Why You Should Create Content That Has Nothing To Do With Your Business
It seems that a lot of businesspeople are buying into the content marketing idea.
And that’s great!
People are creating blog posts, videos and social media content. They’re doing it frequently.
But I know that many are disappointed. They’re not getting the engagement they expect.
Now, there could be a few reasons for the disappointment, but there is one that I want to highlight.
Too many businesses post what we’ll call Me Content.
What is Me Content?
Posting a link to a product that you have on your website. Talking about the services you can provide. Sell. Sell. Sell.
You’ve probably seen this on social media. You see a business post on their Facebook page something like this:
Do you need to get your teeth cleaned? Schedule an appointment with ABC Dental today!
There’s nothing wrong with that. Obviously there are a few people that want to get their teeth cleaned.
But here’s the reality, people are only in buying mode about 3% of the time for any given product or service. I tend to think it’s even less than 3%. Possibly way less.
So a post like the one above won’t get much engagement. People just aren’t interested even if they know who you are and like you.
But what if they don’t even know who you are? They’re probably even less likely to engage with Me Content.
The reason you should post content that has nothing to do with your business is that most people don’t know that your business exists.
Marketing, whether it’s content marketing, social media marketing or whatever, is about attracting people that don’t know your business exists. In order to do that you need to post content that they’re looking for.
Entertainment & Education
The type of content people are looking for basically fits into two buckets:
That should be your focus when you’re creating content. Things that your audience will either find entertaining or educational. And sometimes those will overlap. Then you’re really onto something good.
We’ll get into some examples of this in a little bit, but there’s one more key factor about content that I want to cover.
Short-Term Return Focus
Sometimes I’ll talk to people that want to create blog posts and their focus is to turn a reader into a customer. They want people to read a blog post and then inquire.
That does happen…but it gets back to that buying mode concept. Maybe that happens 3/100 (probably more like 3/1,000) times or so. The first time someone reads a post of yours they’re interested in buying.
The focus is short-term. You want money now. Right away. As soon as you have someone’s attention you want to convert them.
I’ve always liked the old marketing analogy about dating. If you are in the dating world you could get someone to go out on a first date with you and after the date is over ask them to marry you. That might work, but the vast majority of the time you’ll get rejected.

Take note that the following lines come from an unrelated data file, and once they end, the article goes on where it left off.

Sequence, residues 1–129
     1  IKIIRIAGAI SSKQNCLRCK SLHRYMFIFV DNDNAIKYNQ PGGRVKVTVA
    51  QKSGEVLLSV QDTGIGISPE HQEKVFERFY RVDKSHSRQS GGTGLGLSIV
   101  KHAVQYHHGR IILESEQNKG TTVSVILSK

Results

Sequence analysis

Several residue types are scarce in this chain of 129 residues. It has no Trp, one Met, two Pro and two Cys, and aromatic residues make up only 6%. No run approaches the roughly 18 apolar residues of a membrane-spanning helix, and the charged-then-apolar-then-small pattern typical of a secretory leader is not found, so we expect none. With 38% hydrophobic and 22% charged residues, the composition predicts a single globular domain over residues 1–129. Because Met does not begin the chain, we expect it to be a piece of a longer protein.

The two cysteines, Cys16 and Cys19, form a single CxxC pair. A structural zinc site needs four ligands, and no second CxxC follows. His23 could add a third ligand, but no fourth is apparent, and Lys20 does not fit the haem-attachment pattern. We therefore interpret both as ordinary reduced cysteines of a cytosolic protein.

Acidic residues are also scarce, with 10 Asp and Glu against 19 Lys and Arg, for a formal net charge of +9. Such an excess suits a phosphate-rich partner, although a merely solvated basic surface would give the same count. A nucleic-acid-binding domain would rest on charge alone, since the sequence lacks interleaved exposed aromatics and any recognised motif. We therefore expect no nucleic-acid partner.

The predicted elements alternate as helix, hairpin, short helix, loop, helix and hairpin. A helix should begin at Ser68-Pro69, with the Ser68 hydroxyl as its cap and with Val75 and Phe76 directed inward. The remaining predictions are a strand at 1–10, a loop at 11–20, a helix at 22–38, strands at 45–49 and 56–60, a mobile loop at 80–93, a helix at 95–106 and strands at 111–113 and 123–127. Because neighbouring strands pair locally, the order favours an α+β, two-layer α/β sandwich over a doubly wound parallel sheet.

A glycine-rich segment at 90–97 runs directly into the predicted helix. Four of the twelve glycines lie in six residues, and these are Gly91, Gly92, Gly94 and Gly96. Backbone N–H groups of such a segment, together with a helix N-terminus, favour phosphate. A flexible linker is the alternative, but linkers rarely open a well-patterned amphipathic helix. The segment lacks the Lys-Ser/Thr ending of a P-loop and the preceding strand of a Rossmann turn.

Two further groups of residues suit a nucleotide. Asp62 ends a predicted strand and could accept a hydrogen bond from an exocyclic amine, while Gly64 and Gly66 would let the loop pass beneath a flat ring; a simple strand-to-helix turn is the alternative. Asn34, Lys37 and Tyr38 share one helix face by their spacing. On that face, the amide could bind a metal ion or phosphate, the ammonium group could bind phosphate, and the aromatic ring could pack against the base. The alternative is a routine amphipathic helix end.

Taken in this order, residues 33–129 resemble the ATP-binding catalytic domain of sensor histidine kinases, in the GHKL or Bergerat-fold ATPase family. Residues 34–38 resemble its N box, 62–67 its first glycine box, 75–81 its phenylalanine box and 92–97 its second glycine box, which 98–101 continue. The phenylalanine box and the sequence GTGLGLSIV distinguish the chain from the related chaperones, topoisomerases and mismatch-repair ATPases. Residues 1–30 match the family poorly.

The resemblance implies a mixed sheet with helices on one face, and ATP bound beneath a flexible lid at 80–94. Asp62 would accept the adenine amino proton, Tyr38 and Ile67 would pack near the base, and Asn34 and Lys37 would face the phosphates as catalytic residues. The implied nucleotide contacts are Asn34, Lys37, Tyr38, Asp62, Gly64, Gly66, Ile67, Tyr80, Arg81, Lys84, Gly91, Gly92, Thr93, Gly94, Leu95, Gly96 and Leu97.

People need you to earn their trust. In business it’s the sales cycle. People first learn that you exist. Then they learn about you and what you have to offer. They learn the details and then they decide if they want to buy.
They don’t go from discovering right to buying.
Examples of Good Content Marketing
Let’s get back to the idea of creating content.
I might have been a little over the top when I said that you want to create content that has nothing to do with your business, but I wanted to make a point.
Here are three quick examples of what I mean:
- A lawyer that creates a golf podcast
- A dentist that creates a community news and events e-newsletter
- A restaurant that writes a local travel blog
Why would a lawyer create a golf podcast? He or she would if their target clients are avid golfers. Let’s say they determine that 80% of their clients are golfers. That’s a high percentage. And the odds would be good that if they attracted other golfers (via a golf podcast) that a good percentage would fit the profile of their target client.
Why would a dentist create a community e-newsletter? Most people need a dentist. Most go to a local dentist. Most people are interested in the happenings around their hometown. A dentist that provides this information comes across as an authority in the area and they attract the attention of people looking for local information, but that don’t know about the dentist.
Finally, a restaurant travel blog? Many restaurant patrons are locals, but what do travelers often need? Food. They can’t really make their own meals so travelers seek out restaurants. A restaurant that offers travel tips earns the attention and trust of travelers and when travelers visit the city where the restaurant is they will probably win some business.
Part of success with any type of content – blogging, podcasting, social media, etc. – is getting out of the Me Content mindset. And also out of the Sales Content mindset. Start with the focus that you’re looking to attract people that don’t know your business exists. You have to write about the information they’re looking for. Then when you earn their attention you can earn their trust and in the long-term you earn their business.